WisdomTree’s Chief Investment Strategist, Luciano Siracusano (L.S.), its Director of Research, Jeremy Schwartz (J.S.), and its Head of Fixed Income and Currency, Rick Harper (R.H.), sat down in mid-December to reflect on 2014 and discuss the forces that could impact global financial markets in 2015.
Below, we highlight the areas that look attractive based on valuations. To read the full report, please click here.
Q: When you look across asset classes, where are you attracted based on valuations?
L.S.: After the 25% sell-off in large-cap U.S. energy stocks, I would be comfortable dollar-cost averaging into this group. For example, Exxon1, trading at 11 times trailing earnings, now sports a dividend yield north of 3%. As we speak now in mid-December, Chevron2 and ConocoPhillips2 exhibit dividend yields north of 4%. 2015 earnings estimates have come down, and in Exxon’s case, they now stand about 20% below what the energy producer is projected to earn in 2014. But even that 2015 estimate, about $6.00 per share, is more than twice Exxon’s projected dividend payment for 2015, $2.76. So I think the dividends being paid by these larger U.S.-based companies are sustainable, and I think they will help compensate investors until oil prices stabilize and start rising again. There are substantive reasons why oil and gasoline prices have come down. The U.S. used less oil as a percentage of its gross domestic product (GDP) than it used to. With greater concentrations of younger Americans living in urban areas, and with one in five millennials living in poverty, we are likely seeing fewer younger people logging the driving miles that previous generations did. The U.S. did become a net exporter of oil in 2014, exporting several hundred thousand barrels a day, as a result of the shale oil revolution in the States. So I think lower oil prices will continue to be a boost in 2015, but I think the odds of oil trading in the mid-$60s to low $70s a year from now are greater than oil changing hands at $40 a barrel.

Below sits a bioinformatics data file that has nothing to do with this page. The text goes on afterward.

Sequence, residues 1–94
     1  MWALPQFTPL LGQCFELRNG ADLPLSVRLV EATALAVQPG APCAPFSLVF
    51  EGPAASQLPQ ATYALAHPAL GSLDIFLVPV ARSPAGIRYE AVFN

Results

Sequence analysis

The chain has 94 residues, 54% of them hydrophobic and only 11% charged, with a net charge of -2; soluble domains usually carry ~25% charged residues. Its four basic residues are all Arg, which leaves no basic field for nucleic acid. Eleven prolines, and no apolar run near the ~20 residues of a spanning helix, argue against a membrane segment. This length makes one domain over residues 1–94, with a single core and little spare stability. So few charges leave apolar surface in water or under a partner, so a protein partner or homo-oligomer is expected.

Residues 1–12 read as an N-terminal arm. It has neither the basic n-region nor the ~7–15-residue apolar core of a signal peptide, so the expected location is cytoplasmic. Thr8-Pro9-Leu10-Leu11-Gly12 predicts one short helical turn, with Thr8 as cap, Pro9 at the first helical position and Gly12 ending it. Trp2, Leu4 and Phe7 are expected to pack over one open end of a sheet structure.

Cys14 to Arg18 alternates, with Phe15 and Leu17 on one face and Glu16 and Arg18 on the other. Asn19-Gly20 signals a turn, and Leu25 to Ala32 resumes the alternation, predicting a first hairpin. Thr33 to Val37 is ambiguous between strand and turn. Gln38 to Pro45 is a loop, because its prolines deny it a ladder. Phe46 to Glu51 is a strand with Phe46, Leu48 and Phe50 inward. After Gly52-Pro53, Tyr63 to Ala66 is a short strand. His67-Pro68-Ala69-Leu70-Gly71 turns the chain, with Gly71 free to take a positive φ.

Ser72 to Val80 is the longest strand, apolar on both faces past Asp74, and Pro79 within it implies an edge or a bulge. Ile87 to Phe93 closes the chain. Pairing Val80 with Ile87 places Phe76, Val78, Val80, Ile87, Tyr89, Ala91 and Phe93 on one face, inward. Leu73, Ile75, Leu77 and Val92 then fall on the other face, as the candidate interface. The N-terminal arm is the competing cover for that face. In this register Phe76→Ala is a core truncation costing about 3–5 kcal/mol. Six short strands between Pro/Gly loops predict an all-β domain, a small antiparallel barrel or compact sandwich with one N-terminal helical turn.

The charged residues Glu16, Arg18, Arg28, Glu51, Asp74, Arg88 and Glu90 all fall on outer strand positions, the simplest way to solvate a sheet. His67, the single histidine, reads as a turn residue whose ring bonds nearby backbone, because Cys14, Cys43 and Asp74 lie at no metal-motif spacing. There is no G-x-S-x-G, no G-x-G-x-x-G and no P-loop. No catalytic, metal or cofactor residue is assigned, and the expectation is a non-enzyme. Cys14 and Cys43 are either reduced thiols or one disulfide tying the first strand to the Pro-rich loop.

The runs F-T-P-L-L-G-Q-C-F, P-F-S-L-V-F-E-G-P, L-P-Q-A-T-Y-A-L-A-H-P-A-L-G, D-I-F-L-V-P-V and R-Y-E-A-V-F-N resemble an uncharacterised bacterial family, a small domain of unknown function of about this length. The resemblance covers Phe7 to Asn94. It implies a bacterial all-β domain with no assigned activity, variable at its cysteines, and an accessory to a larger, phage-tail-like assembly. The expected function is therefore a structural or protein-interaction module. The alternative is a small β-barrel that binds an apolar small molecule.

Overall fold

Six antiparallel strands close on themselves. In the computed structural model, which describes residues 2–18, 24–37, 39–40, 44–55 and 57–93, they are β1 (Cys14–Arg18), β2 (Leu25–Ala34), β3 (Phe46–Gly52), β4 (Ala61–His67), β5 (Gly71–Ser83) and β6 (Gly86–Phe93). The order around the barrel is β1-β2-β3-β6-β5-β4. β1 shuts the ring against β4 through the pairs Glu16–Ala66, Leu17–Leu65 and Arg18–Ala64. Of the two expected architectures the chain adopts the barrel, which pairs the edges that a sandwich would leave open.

J.S.: In the United States, I believe the most attractive segment of the market from a pure valuation standpoint remains large-cap U.S. dividend growth stocks. These stocks (represented by the WisdomTree U.S. Dividend Growth Index) grew aggregate dividends more than 4 percentage points faster than did the typical high-dividend-yield stock (represented by the WisdomTree Equity Income Index) even though their dividend yields are just 1.5 percentage points lower than the high-yield stocks. On a price-to-earnings (P/E) ratio basis, these growth stocks sell at similar multiples to the high-yield stocks and make them attractive candidates given their higher growth characteristics.
In the developed world, Japan remains a surprisingly cheap market on a P/E ratio basis despite its strong gains over the last two years. This is because Japan’s earnings in aggregate have been increasing more than its aggregate stock prices. This remains one of the most attractive regions in global markets from a valuation standpoint—as earnings momentum looks stronger than other regions, and it has relatively low prices to its own history and to other markets.
Europe is selling at approximately a 10% to 15% discount to the U.S. markets. This discount may be warranted for parts of Europe that are experiencing more sluggish growth than the United States, but if the weak euro boosts exports relative to the exporters of the United States, there could be some positive momentum out of European exporters.